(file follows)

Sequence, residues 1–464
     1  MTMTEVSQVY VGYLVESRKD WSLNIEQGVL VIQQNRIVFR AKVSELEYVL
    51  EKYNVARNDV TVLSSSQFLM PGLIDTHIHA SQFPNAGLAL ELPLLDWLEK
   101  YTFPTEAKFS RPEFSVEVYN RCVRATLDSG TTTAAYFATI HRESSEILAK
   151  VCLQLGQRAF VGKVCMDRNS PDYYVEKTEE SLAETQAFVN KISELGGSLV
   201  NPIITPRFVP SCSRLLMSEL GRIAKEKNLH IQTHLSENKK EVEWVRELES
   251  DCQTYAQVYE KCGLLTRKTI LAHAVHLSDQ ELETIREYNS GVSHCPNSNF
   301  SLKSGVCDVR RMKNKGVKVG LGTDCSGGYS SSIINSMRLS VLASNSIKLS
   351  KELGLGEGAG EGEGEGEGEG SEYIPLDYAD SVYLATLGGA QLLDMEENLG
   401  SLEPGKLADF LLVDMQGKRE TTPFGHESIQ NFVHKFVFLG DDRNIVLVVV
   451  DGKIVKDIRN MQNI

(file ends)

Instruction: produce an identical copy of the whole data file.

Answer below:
Sequence, residues 1–464
     1  MTMTEVSQVY VGYLVESRKD WSLNIEQGVL VIQQNRIVFR AKVSELEYVL
    51  EKYNVARNDV TVLSSSQFLM PGLIDTHIHA SQFPNAGLAL ELPLLDWLEK
   101  YTFPTEAKFS RPEFSVEVYN RCVRATLDSG TTTAAYFATI HRESSEILAK
   151  VCLQLGQRAF VGKVCMDRNS PDYYVEKTEE SLAETQAFVN KISELGGSLV
   201  NPIITPRFVP SCSRLLMSEL GRIAKEKNLH IQTHLSENKK EVEWVRELES
   251  DCQTYAQVYE KCGLLTRKTI LAHAVHLSDQ ELETIREYNS GVSHCPNSNF
   301  SLKSGVCDVR RMKNKGVKVG LGTDCSGGYS SSIINSMRLS VLASNSIKLS
   351  KELGLGEGAG EGEGEGEGEG SEYIPLDYAD SVYLATLGGA QLLDMEENLG
   401  SLEPGKLADF LLVDMQGKRE TTPFGHESIQ NFVHKFVFLG DDRNIVLVVV
   451  DGKIVKDIRN MQNI